"All members of the [IWF Executive] Board were aware of it, I am joint signatory along with the head secretary-treasurer, while three other Board members have signatory rights at the bank.

"This film has completely ruined my life and 50 years of my work.

"A large part of my work has been about doping prevention.

"That's why it was a blow to the gut for them to claim we had done nothing.

"Even [International Olympic Committee {IOC} President] Thomas Bach said what great anti-doping work is being done by the IWF."

Last year, the IOC - which described the ARD accusations as "very serious and worrying" - confirmed weightlifting's status on the Olympic Games schedule after the IWF revamped its anti-doping procedures and introduced more rigorous testing into the Olympic qualifying system.

Aján, who confirmed that he would not stand again for election when his fifth term comes to an end in 2021, said ARD's claim that weightlifting had been overseen by one man for nearly 50 years was "simply nonsensical."

He promised there would be an extraordinary meeting of the IWF Executive Board, at which the programme and its aftermath will be discussed.

An excerpt from the Moldova Weightlifting Federation statement refuting that they were implicit in some of the country's top competitors using
An excerpt from the Moldova Weightlifting Federation statement refuting that they were implicit in some of the country's top competitors using "doppelgangers" to aovid dope tests ©Moldova Weightlifting Federation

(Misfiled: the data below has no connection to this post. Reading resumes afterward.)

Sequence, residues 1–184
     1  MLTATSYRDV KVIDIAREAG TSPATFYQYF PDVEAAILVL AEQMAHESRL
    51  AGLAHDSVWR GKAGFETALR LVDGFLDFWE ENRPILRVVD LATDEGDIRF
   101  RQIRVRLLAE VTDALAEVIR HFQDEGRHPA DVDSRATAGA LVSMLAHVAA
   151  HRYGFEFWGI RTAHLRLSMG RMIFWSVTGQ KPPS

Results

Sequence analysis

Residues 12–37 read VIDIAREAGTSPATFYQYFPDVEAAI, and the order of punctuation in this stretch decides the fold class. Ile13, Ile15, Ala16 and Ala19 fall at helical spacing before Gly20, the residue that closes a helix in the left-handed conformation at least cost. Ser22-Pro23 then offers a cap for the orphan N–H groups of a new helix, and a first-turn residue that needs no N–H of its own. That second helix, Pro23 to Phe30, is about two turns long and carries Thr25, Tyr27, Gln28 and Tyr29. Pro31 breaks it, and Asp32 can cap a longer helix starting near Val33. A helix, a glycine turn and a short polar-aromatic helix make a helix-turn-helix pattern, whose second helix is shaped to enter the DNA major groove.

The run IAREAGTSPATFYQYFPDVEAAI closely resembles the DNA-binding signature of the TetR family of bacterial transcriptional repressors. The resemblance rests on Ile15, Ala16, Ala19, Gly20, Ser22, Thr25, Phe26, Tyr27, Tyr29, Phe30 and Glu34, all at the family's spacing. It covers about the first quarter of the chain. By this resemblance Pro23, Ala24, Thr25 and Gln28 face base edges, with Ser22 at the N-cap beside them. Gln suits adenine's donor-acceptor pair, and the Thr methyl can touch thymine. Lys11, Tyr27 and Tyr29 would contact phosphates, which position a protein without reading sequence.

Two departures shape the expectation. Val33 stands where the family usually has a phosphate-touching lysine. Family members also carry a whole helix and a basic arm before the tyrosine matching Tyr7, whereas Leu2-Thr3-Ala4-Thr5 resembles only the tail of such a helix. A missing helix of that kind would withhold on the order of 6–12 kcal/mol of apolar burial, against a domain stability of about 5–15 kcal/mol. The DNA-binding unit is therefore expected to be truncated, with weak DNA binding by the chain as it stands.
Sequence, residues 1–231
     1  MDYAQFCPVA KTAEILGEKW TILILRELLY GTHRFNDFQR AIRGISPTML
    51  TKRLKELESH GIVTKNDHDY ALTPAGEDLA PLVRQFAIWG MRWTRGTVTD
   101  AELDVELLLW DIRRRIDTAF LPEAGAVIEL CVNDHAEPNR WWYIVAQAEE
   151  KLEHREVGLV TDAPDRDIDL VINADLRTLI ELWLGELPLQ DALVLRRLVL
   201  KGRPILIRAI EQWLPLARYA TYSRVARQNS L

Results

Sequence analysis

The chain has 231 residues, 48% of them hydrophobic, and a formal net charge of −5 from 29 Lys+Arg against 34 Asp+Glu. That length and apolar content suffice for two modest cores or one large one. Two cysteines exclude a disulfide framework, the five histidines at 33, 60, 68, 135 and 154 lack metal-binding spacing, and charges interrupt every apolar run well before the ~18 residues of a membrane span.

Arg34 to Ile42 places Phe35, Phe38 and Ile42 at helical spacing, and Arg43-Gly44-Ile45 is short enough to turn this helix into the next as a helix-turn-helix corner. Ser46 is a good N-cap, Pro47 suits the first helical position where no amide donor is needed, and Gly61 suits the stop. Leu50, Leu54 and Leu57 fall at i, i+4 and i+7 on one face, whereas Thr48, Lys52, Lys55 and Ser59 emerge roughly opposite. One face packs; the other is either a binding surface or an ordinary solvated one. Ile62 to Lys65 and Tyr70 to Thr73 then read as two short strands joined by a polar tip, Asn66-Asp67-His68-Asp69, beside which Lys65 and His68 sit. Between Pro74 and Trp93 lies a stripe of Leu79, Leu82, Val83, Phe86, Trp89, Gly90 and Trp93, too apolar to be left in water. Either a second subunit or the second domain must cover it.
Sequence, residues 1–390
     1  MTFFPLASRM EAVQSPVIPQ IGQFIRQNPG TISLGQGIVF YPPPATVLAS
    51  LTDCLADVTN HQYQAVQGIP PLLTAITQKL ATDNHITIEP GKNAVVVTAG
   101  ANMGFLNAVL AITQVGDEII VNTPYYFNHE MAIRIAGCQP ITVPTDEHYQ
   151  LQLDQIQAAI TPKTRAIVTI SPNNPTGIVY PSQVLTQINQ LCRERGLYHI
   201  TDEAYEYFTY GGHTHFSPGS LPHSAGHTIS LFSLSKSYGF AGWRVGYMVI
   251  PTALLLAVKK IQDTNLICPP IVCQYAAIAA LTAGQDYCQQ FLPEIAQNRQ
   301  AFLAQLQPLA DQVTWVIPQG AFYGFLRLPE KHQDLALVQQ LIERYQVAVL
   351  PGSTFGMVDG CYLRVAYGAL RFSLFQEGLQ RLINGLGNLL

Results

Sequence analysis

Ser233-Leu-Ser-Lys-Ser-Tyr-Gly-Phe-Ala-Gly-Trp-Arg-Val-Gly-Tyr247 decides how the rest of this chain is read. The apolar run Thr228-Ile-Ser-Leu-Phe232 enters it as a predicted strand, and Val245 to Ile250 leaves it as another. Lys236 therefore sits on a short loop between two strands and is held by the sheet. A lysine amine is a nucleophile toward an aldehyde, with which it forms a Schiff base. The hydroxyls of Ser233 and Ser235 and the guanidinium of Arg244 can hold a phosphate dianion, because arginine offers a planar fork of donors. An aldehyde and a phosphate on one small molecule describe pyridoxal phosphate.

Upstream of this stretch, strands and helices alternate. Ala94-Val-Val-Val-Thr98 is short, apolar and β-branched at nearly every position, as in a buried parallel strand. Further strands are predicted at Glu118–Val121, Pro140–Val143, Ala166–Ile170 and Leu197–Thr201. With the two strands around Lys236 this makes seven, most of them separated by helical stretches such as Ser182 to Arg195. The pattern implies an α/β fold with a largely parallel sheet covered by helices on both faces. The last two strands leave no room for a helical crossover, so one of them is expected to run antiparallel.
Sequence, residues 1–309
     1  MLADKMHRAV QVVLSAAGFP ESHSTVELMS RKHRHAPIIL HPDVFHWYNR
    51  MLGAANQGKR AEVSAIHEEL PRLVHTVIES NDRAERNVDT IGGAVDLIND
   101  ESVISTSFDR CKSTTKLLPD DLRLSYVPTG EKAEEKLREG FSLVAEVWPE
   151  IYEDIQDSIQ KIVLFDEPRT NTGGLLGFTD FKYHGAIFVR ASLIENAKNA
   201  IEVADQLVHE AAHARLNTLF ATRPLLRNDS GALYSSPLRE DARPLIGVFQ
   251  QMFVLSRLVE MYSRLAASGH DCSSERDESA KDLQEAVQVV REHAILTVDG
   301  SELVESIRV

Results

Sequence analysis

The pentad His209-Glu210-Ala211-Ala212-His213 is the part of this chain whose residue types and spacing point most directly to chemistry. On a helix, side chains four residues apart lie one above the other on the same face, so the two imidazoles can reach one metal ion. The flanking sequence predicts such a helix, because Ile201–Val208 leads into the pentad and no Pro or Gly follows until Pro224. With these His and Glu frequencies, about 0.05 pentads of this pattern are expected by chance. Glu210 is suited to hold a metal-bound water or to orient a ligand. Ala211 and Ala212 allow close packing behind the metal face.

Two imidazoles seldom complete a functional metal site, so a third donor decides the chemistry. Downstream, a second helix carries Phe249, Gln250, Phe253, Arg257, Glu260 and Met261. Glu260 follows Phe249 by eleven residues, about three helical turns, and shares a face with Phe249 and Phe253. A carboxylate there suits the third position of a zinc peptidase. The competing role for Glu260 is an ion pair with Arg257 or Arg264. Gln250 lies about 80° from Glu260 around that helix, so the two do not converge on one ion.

Aján countered accusations of corruption against doping control officers from HUNADO, and said the IWF worked with the Agency for three reasons: HUNADO is a well-organised company, has highly skilled inspectors who speak several languages, and they offered a discount because of the large number of inspections.

Doping control accounts for a large part of the IWF expenditure.

The World Anti-Doping Agency admitted it was aware of the allegations in the documentary and its independent investigations department would look into potential breaches of the anti-doping code.

Global Athlete, the athletes' representative body, called on the IWF, IOC and WADA to "address these allegations in timely, independent, robust and most importantly in a transparent manner".

A statement by Global Athlete said, "Weightlifting as an Olympic sport has a bright future.

"That future must see leadership committed to equal and meaningful athlete engagement to strengthen the sport.

"The athletes will be the ones most affected if the sport is not enhanced.

"We encourage all weightlifting athletes to come forward to be a part of the solution by either reaching to out to your fellow athletes and athletes' commissions, Global Athlete or to WADA and other trusted whistleblower lines.

"Once again, investigative journalism has exposed alleged corruption in sport - another sign that sport leaders cannot self-regulate.

"That is why we will continually advocate for equal and collective athlete representation.

"Athletes want to be a part of the solution to grow sport."